Saturday, April  4, 2020
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The Course Begins
The first day of our mountaineering course involves getting acquainted with the staff, and with gear fitting. Here our lead guide, James Blench, instructs us on the art of crampon fitting. [enlarge]
Yamnuska Snow and Ice Weekend - Day 1
We all gather round for details on how we are going to split up into groups, and what we will be doing for the first part of the day. [enlarge]
Falling into Crevasses = Bad
The guide for our sub-group, who is a native of New Zealand, instructs us on the negative aspects of crevasses, with the assistance of a handily-placed sign. The snout of the Athabasca glacier spreads away before us. [enlarge]
On the toe of the Athabasca Glacier
Another of our group gets some instruction on the toe of the Athabasca glacier [enlarge]
Athabasca Glacier
We are now on the Athabasca Glacier, and this shot looks uphill, towards our learning area for the day. [enlarge]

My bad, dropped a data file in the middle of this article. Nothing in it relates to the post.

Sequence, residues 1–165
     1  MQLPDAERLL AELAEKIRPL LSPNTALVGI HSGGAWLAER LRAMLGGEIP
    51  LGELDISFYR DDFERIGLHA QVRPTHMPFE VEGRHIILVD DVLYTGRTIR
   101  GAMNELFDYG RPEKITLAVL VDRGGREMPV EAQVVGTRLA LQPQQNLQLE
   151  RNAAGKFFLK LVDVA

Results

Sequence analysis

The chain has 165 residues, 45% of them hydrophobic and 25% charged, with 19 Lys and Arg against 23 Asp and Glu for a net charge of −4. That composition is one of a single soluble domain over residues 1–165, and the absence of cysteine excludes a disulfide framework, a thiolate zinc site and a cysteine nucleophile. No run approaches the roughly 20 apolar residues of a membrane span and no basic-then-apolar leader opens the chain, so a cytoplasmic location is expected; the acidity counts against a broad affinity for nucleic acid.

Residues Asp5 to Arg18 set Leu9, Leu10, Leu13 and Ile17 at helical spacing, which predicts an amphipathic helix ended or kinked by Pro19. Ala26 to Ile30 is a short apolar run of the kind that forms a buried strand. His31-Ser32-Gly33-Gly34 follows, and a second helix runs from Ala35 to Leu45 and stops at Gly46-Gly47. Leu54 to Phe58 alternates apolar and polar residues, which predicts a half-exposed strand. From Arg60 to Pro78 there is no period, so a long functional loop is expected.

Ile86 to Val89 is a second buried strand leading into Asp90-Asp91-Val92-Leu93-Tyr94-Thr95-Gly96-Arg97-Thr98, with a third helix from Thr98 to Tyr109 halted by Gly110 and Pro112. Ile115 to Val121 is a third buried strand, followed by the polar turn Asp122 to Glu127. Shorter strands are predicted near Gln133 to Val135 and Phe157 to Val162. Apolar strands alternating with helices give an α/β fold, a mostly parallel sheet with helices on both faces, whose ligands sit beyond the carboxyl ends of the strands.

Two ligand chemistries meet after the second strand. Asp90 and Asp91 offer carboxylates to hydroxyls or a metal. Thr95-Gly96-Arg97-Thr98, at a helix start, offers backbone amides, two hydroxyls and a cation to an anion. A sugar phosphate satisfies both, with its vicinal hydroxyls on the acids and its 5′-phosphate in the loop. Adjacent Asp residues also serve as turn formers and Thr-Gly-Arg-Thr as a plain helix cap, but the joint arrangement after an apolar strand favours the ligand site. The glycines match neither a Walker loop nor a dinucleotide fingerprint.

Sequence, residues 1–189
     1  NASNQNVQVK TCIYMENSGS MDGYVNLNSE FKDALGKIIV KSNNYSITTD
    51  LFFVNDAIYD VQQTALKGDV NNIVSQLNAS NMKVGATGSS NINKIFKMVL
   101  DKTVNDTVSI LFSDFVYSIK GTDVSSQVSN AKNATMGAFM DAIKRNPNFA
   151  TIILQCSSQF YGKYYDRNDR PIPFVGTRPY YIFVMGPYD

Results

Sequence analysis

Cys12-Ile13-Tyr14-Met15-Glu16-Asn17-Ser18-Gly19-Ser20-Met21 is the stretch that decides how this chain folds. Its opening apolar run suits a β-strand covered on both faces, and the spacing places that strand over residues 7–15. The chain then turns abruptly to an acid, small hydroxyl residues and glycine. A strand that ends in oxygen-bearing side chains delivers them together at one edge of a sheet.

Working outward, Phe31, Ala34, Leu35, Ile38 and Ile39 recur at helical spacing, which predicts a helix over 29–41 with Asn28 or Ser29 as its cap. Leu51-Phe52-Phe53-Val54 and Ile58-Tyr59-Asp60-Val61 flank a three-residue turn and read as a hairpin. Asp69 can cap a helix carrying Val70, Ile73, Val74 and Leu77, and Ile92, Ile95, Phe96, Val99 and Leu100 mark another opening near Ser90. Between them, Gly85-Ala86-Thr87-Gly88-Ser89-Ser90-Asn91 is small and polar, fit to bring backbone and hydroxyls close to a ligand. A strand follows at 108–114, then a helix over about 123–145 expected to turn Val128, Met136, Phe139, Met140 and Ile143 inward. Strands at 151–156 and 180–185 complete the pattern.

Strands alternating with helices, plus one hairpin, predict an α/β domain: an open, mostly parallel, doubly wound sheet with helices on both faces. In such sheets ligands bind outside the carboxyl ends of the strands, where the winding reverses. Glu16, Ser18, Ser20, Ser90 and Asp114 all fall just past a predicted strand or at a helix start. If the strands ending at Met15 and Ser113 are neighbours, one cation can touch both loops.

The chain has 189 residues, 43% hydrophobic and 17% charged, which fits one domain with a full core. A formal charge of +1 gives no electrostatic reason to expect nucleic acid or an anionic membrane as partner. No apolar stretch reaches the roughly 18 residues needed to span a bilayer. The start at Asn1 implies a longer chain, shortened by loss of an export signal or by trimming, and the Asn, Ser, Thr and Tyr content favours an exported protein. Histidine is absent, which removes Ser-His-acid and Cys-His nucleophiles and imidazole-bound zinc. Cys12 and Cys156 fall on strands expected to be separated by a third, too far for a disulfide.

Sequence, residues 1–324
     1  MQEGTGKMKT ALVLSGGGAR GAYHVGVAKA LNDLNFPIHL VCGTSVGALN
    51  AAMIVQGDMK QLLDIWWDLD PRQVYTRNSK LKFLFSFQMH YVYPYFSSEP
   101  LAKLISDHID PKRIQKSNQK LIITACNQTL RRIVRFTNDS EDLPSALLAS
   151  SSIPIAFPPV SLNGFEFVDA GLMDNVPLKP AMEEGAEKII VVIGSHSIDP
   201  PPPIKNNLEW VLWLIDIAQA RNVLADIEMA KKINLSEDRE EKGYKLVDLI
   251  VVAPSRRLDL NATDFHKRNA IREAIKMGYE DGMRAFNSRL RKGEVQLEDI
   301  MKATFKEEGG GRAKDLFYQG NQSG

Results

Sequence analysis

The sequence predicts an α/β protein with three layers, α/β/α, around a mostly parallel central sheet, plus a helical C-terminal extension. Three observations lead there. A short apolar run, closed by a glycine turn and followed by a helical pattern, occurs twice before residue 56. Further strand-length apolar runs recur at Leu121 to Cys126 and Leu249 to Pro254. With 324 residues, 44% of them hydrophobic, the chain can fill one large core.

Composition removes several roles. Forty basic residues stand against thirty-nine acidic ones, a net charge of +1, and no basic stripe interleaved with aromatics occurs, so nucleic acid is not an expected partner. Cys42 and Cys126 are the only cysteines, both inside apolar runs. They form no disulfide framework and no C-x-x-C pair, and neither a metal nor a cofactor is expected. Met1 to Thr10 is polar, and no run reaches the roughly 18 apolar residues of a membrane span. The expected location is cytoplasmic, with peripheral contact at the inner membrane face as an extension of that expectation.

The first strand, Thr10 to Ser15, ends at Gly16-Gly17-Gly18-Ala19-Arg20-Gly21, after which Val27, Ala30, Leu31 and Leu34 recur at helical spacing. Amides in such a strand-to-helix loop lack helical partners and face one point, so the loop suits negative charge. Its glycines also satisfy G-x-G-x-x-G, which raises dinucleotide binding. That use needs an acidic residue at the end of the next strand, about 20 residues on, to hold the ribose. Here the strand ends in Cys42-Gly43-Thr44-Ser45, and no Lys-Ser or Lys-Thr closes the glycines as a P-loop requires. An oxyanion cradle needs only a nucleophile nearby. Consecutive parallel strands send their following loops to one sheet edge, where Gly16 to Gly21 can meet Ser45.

Our classroom for Day 1
This is an aerial view of our classroom. If you look carefully at the center of the picture, you will see groups of students. The trench running across the glacier's surface is the old path of the Sno-coaches. Years of grading the surface smooth have cut it down too far into the glacier, obscuring the tourists' view. So the sno-coach company has carved a new path some distance away. [enlarge]
Markus slathers up
Down in the trench illustrated in the previous picture. The glacier's surface here is totally exposed at this time of year (late September), so the focus is on crampon technique. [enlarge]
Rock and Ice
A view of the surface of the Athabasca glacier, contrasted with the barren rock of Nigel Peak in the background (3213m / 10,565ft) [enlarge]
Cramponing 101
The edge of the old sno-coach road makes for a good steep crampon test area. Here, Markus practices his front-pointing technique. [enlarge]
Markus - mighty? mountaineer
Markus poses, like a tank, with Mount Andromeda rising in the background. The icefall in the valley glacier in the background is where we will practice ice climbing on the second day. [enlarge]
Crevasse Rescue Practice
Our guide gives us a lecture about crevasse rescue techniques. [enlarge]
Crevasse Rescue Practice
We practice setting up a simple 2-to-1 anchor system, using ice screws, prussick knots, webbing, and carabiners. Markus is in the background holding onto the weight of the 'victim'. The 'victim' is myself who (where the picture is taken from) is dangling helplessly in a crevasse (not really). [enlarge]
Day 1 ends successfully
Markus trots back down to the snout of the glacier, next to a large meltwater hole (known as a moulin). So ends day 1 of our course! [enlarge]
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